Mr. Shahin noted that working in malls can be challenging for a number of reasons, but that experience and innovation can make it all work. Space can be tight and there are often neighbouring tenants in close proximity — being a considerate construction company means that about 80% of the noisy work has to be done after hours. There is also some ‘red tape’ in terms of design approvals — BUILD IT works with the entire construction process, from design to fixturing, and shopping mall landlords often have strict requirements for various required processes. “Despite what might appear to be obstacles, there are always solutions,” he noted.
For restaurant spaces that are unable to vent directly to the exterior, ‘ecology systems’ can be used to filter out cooking smells that would otherwise waft through the mall. Ecology systems don’t come cheap, however — Mr. Shahin noted that they can cost $30,000 and go up from there per unit, and they can be a challenge to install, though it’s worth it to be able to utilize some spaces that otherwise wouldn’t be able to support restaurant uses.
Mr. Shahin noted that a restaurant also requires enough power and water to be operational, and that some retail spaces might not meet these requirements in some shopping centres, with upgrades being required. As well, kitchens must have exhaust systems and otherwise meet building code, including having a two-hour fire separation as part of its construction — that is, walls in the space must be able to contain a fire for a minimum of two hours, for safety reasons. “Experience is required to address some of these nuances, and fortunately there are solutions”, he explained.
Toronto’s PATH system is home to a number of restaurants, and Mr. Shahin noted that many units lack appropriate ventilation. At Brookfield Place, for example, BUILD IT installed an ecology system for the Paramount Foods that it built for that location. Some food courts have build-in ecology systems, however, with tenants being able to simply hook into these. “Even though a retail space lacks ventilation, it doesn’t mean that it can’t be used. It just requires the necessary modifications,” said Mr. Shahin.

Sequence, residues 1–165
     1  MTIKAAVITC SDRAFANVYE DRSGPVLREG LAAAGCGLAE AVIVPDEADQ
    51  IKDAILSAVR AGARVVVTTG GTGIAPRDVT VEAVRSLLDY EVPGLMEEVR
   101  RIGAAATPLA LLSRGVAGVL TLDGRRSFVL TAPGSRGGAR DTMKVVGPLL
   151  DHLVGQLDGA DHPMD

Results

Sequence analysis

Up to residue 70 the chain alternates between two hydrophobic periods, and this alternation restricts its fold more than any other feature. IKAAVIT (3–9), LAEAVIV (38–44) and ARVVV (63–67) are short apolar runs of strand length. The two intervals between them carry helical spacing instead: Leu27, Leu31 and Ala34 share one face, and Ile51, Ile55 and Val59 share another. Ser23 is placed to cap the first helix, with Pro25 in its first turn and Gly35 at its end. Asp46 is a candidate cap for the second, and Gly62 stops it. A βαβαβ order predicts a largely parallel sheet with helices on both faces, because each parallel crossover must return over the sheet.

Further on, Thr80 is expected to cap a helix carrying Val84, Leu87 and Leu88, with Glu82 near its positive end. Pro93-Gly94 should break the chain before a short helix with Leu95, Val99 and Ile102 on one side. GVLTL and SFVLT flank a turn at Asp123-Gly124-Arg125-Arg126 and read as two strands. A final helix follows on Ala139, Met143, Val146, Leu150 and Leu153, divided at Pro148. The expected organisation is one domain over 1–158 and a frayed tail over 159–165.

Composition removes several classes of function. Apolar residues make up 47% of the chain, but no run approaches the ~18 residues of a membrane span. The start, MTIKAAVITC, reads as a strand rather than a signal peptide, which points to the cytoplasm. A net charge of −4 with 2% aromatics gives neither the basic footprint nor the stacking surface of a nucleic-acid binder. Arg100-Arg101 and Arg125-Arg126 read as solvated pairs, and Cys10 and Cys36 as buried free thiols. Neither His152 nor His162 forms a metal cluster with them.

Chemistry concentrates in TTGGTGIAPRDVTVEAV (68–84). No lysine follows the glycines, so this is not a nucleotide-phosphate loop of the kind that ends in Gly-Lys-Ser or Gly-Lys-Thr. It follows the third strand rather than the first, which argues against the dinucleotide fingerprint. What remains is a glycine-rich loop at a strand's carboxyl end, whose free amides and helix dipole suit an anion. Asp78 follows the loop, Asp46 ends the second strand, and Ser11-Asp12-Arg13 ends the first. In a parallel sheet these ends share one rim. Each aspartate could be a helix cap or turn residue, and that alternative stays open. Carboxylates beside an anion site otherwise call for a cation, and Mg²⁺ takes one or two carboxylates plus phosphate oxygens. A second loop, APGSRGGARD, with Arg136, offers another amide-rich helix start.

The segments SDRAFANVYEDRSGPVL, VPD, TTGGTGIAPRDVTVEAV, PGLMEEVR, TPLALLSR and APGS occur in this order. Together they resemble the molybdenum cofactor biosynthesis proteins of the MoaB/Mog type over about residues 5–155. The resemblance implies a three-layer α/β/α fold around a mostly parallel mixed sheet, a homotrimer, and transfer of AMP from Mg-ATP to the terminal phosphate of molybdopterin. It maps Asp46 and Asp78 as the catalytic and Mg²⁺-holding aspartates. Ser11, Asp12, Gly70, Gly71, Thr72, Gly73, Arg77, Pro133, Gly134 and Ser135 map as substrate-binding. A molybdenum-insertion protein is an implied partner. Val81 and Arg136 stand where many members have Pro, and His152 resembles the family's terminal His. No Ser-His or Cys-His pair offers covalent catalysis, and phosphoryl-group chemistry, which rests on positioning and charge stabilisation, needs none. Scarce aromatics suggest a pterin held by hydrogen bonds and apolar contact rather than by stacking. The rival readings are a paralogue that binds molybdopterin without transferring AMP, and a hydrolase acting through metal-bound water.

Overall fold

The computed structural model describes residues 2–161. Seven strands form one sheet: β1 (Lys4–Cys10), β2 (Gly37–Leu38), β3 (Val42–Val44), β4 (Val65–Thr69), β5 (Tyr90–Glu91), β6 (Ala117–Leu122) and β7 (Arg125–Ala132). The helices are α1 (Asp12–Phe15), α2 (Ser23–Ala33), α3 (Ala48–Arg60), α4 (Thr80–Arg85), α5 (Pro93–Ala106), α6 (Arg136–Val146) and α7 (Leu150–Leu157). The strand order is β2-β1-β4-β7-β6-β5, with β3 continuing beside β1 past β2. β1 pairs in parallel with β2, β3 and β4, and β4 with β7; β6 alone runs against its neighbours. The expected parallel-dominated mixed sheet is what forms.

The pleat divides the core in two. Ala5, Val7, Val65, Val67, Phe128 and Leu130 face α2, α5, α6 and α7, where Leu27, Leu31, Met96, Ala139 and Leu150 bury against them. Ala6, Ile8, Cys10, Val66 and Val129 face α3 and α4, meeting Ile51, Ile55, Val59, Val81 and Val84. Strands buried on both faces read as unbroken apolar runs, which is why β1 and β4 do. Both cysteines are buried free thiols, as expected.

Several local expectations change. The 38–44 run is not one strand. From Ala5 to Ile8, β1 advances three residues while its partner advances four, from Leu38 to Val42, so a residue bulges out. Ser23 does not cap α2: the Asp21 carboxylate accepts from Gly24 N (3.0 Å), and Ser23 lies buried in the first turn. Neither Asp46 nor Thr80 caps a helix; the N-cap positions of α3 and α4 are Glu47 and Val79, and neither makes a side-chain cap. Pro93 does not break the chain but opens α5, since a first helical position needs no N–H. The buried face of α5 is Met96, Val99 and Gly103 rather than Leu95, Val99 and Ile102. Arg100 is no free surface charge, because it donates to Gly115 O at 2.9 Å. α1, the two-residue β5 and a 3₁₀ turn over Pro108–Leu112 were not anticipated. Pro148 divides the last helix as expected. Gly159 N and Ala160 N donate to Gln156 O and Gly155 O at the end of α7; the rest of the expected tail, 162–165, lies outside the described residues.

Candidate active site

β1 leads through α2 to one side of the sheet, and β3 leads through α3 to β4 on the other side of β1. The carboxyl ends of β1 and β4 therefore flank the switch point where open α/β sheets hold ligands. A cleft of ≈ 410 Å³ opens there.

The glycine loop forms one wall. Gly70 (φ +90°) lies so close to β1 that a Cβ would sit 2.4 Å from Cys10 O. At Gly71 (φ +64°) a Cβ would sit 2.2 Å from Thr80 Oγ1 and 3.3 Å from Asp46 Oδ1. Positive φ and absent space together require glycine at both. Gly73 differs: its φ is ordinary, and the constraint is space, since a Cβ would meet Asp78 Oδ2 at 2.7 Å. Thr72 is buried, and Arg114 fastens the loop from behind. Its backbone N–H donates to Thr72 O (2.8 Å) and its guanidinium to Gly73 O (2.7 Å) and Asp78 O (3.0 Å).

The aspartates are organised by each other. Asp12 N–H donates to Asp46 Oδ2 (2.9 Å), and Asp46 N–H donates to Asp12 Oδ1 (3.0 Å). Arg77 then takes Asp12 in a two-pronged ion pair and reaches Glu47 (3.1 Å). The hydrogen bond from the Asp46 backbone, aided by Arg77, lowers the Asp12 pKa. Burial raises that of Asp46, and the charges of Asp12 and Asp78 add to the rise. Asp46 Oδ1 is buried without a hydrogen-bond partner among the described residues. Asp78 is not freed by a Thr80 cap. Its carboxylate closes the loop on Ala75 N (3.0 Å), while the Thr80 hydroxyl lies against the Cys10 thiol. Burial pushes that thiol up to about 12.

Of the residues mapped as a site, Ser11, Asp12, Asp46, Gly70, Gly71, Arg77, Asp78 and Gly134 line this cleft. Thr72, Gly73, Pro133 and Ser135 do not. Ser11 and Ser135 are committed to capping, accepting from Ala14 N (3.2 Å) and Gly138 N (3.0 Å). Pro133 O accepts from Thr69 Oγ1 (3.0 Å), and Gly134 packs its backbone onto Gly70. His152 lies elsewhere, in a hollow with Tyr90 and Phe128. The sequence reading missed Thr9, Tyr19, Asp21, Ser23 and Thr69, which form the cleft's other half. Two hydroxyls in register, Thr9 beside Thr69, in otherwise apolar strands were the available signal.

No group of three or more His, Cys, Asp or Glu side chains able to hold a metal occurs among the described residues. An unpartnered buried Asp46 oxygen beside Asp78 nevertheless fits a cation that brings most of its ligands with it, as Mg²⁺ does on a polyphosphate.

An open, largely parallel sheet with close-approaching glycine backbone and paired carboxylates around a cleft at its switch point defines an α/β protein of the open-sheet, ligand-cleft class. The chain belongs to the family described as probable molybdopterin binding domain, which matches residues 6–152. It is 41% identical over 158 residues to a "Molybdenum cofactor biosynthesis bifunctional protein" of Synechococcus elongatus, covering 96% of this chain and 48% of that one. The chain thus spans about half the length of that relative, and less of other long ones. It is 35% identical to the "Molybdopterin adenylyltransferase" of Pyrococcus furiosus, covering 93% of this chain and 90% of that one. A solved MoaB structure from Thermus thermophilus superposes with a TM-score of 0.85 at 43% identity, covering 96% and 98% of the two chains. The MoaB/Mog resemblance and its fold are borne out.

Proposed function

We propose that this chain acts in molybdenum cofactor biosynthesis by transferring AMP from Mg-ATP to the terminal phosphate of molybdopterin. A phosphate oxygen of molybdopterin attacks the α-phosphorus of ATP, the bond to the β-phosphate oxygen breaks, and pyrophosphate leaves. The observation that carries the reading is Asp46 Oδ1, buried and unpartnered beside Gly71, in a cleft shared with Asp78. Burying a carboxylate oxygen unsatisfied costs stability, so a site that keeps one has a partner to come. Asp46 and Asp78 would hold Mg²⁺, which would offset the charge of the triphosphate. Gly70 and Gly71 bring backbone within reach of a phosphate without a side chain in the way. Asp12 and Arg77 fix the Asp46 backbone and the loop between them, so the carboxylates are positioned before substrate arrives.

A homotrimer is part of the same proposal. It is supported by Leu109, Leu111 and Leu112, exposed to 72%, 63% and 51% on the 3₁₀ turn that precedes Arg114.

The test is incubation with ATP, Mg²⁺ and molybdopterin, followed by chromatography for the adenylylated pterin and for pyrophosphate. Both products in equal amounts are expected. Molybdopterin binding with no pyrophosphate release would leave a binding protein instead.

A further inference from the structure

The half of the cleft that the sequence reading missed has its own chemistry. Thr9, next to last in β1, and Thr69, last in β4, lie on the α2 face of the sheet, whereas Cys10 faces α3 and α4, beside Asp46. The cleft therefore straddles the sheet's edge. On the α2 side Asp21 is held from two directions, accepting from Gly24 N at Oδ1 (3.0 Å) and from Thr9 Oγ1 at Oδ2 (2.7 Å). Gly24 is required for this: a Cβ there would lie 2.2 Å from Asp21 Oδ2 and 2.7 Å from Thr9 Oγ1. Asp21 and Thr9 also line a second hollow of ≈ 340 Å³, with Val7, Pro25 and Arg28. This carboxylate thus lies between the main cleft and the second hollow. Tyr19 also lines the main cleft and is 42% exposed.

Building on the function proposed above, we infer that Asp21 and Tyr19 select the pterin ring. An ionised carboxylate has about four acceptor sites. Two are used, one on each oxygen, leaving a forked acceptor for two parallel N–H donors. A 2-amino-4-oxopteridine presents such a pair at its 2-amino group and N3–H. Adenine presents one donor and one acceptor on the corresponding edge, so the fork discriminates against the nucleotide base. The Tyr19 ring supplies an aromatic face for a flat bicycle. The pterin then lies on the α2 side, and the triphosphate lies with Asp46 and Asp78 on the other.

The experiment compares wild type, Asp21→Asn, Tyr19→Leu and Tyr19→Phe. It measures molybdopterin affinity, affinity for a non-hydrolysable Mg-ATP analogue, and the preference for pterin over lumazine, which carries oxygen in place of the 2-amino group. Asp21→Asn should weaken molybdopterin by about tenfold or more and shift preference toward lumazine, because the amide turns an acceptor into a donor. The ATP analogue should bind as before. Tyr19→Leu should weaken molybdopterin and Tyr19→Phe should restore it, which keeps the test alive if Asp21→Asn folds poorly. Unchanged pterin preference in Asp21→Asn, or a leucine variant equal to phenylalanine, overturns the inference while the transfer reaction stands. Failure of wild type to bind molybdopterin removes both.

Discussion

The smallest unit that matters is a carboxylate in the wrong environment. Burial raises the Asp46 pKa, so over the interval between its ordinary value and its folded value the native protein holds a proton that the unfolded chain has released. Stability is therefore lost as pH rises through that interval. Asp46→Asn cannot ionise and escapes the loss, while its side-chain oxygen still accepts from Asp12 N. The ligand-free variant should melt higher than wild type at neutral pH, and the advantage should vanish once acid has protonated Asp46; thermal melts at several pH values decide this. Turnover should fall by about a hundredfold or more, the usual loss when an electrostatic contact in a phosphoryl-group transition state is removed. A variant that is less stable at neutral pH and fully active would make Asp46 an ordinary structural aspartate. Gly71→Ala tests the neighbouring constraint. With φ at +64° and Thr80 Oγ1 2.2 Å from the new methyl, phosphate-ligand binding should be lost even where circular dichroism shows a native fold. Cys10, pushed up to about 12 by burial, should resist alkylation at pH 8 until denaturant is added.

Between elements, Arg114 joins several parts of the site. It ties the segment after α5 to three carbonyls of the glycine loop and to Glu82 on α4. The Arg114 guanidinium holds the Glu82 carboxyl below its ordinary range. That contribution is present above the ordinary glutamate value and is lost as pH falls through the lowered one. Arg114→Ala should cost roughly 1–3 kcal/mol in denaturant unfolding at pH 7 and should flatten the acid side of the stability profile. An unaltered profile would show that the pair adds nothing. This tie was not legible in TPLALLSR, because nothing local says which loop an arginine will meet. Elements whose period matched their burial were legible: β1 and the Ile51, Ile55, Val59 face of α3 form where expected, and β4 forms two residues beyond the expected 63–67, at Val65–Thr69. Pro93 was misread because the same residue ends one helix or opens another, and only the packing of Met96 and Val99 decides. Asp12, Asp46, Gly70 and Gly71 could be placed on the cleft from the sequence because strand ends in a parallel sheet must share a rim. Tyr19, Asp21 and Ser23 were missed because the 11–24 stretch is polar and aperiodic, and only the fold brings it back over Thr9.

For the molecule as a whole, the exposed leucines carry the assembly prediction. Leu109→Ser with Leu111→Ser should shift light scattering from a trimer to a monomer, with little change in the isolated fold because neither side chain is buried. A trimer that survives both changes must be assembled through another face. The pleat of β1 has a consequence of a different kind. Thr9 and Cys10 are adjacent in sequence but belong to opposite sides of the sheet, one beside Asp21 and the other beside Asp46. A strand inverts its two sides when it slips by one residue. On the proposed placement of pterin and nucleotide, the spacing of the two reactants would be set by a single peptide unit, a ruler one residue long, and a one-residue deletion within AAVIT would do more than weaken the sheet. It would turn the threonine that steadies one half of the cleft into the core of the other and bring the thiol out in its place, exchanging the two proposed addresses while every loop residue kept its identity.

Shopping Centres coast-to-coast are adding full-serve restaurants to the mix. At Park Royal in West Vancouver, Chipotle recently opened a unit in the mall’s ‘North’ area, and a large JOEY restaurant recently debuted at Ottawa’s CF Rideau Centre. There are plenty of other recent examples, nationally.
Department stores are also adding restaurants to their properties, with Nordstrom leading the way with a number of in-store dining options. Holt Renfrew is also including restaurants with its renovations and most recently, its CF Pacific Centre location in Vancouver, as well as its Yorkdale location in Toronto, unveiled new restaurant locations with plush interiors and exclusive menus.
If Canadian malls follow the trend of what’s being seen in Asia and other parts of the world, we’ll be seeing more food and beverage options at our local malls. It makes sense, though — people generally must eat in order to survive, and consumers are now spending more at restaurants than on groceries. Adding strong restaurants to a mall’s tenant mix will ultimately drive traffic to the centre, not to mention revenue. Given the recent phenomenon towards stores closing in malls (including Target’s exit in 2015 and, possibly soon Sears Canada), repurposing real estate will be required, and food-and-beverage might be the solution.
*Top rendering: Tri M. Ly.